Chocolate Chip Cookie Effects
Chocolate chip cookies are some of the most delectable snacks out there; they satisfy our sweet tooth with one simple bite. Chocolate chip cookies are baked in all different shapes and sizes, depending on the recipe you are making. You can do this by adding baking soda to a recipe, only adding baking powder to a recipe or even adding both. You can do the same with granulated sugar and brown sugar only adding either one of those to a recipe. These four different ingredients all have different effects and affect a cookie in different ways. How baking soda and baking powder affect a cookie can be all explained with Chemistry. By adding these certain ingredients, adding a certain amount, and depending on the other ingredients, it will all affect the outcome of the appearance (sometimes even the taste) of a cookie.
Baking Soda and Baking Powder
Baking soda and baking powder are both ingredients that are added to cookies to enhance the baking process of a cookie and affect the product after it is already baked. Which is just another way of saying that they are both added to a recipe to help the batter of the baked goods rise. Baking soda, also called bicarbonate of soda, is sodium bicarbonate. (Baker Bettie, 2013) Sodium bicarbonate has a high pH, that when incorporated with another acid will react quickly. Although carbon dioxide, is created when baking soda is combined with an acid with low pH. Baking soda will make cookies rise during the baking process, once it reacts with an acid. There must be a common acid (examples of acids are: buttermilk, sour cream, citrus juice, vinegar, and cream of tartar) added to the recipe to produce CO2 if the baking soda is being added by itself. Although there does have to be a balance between the acid in a recipe and the baking soda being added. This causes for a more spread out cookie when only adding baking soda to a cookie recipe.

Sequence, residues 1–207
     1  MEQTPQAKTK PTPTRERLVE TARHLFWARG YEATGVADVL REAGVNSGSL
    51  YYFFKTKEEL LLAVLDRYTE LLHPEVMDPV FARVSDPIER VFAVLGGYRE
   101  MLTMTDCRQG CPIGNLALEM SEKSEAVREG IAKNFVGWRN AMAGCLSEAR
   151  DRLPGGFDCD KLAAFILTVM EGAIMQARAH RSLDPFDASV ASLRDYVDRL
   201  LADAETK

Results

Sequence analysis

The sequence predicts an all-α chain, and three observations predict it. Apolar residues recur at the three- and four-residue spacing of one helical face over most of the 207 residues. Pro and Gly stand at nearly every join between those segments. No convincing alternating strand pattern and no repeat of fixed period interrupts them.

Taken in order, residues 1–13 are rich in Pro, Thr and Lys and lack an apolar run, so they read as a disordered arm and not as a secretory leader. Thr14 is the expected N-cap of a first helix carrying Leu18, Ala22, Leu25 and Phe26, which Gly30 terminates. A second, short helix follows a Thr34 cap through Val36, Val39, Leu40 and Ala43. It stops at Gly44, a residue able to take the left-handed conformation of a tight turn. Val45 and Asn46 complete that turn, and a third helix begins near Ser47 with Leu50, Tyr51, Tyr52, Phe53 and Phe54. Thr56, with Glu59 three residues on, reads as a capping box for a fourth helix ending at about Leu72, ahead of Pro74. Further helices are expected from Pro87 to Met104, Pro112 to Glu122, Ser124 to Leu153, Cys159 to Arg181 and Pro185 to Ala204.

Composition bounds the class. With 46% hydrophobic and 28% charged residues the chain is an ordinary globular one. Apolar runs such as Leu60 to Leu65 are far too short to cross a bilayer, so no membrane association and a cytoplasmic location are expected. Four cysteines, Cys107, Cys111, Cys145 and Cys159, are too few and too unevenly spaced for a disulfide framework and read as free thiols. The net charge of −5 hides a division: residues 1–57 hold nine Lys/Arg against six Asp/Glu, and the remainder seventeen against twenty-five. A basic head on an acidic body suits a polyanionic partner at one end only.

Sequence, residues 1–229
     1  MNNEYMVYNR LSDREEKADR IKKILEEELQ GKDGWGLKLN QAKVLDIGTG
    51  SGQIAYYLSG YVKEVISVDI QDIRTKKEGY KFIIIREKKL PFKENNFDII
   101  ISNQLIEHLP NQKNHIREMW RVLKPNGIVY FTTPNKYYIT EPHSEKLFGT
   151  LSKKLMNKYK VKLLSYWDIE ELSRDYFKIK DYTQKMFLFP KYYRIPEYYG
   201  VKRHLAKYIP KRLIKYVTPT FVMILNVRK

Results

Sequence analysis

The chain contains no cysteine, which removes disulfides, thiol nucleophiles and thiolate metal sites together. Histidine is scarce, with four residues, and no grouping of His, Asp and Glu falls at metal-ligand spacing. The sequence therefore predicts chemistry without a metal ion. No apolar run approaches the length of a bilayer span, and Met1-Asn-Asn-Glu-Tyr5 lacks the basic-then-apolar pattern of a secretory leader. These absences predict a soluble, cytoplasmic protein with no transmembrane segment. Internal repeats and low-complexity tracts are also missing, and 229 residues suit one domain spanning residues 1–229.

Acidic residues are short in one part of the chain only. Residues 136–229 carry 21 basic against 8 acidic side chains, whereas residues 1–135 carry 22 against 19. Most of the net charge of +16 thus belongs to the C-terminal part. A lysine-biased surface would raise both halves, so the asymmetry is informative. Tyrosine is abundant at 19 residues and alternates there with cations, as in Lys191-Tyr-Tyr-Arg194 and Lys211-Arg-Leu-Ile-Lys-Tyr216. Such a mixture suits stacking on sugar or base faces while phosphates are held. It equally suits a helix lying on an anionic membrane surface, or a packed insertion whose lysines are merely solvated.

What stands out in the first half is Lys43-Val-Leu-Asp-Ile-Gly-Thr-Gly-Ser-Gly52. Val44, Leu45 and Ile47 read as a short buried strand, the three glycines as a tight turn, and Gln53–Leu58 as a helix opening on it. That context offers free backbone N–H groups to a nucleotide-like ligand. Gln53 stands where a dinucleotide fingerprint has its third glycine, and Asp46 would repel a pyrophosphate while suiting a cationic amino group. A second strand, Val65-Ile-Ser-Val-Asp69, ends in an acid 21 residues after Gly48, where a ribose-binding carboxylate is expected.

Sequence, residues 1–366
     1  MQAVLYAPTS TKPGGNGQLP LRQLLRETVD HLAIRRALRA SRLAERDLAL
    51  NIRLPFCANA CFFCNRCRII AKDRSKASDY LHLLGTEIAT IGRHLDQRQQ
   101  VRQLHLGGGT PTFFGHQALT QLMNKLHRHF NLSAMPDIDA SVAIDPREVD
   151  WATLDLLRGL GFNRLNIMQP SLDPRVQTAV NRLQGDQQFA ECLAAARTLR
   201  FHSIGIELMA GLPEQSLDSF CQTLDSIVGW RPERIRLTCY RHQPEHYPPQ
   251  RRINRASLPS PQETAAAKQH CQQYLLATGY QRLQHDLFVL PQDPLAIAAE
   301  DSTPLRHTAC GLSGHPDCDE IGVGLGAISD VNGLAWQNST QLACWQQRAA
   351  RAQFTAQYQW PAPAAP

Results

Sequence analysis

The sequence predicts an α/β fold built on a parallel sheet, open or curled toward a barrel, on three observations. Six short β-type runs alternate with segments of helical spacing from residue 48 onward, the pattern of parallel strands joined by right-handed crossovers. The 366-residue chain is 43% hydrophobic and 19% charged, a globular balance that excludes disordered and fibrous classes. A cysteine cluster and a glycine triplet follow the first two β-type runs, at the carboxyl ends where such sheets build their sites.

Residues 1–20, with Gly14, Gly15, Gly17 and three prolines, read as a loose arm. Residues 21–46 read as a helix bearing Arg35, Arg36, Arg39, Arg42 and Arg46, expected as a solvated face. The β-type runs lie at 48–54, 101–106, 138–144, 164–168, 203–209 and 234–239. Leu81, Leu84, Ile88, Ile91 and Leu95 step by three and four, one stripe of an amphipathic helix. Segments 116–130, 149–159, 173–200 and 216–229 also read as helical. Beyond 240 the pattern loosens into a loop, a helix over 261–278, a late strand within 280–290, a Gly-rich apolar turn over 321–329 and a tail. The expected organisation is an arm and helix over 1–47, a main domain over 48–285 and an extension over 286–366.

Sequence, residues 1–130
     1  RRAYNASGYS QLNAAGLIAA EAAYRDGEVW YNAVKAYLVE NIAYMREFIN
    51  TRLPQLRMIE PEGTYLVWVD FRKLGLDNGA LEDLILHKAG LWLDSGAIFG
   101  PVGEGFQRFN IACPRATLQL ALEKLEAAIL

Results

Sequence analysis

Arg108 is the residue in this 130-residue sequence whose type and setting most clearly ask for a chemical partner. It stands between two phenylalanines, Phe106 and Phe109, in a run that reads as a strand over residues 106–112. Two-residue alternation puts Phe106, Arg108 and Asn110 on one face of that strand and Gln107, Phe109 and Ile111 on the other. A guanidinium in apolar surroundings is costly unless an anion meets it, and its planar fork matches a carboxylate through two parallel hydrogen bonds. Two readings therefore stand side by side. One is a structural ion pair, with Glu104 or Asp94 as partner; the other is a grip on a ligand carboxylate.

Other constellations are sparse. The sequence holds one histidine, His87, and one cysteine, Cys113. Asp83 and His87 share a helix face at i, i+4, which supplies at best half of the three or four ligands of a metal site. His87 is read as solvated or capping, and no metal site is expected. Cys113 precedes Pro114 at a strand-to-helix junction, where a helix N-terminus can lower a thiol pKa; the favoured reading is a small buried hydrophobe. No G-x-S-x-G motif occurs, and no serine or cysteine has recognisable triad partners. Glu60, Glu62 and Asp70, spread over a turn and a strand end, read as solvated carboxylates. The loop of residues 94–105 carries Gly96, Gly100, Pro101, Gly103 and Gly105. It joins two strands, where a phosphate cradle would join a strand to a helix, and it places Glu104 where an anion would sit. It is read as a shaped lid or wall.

Baking soda is an essential feature in baking powder. Baking powder also consists of one or more acid salts; some examples of this are cream of tartar (“A byproduct of the winemaking process as the powder forms inside wine barrels during fermentation. Baking Bites, 2008), and/or sodium aluminum sulfate, and finally cornstarch. Cornstarch is there to soak up any moisture from the batter, that way there is no reaction to it until an actual liquid is added. For baking powder there need to be two acids present, this is because they are “double acting.” Most baking powder’s used now have two reaction stages, one when the liquid is added and the second when the batter is placed in the oven. A lot of bubbles in a batter after it is set, means for a more fluffier product. Baking powder causes the cookie to spread out less but rise up more and adding a high amount of baking powder will cause for cookies to taste bitter. (Joy Of Baking, n.d) Baking soda and baking powder are known...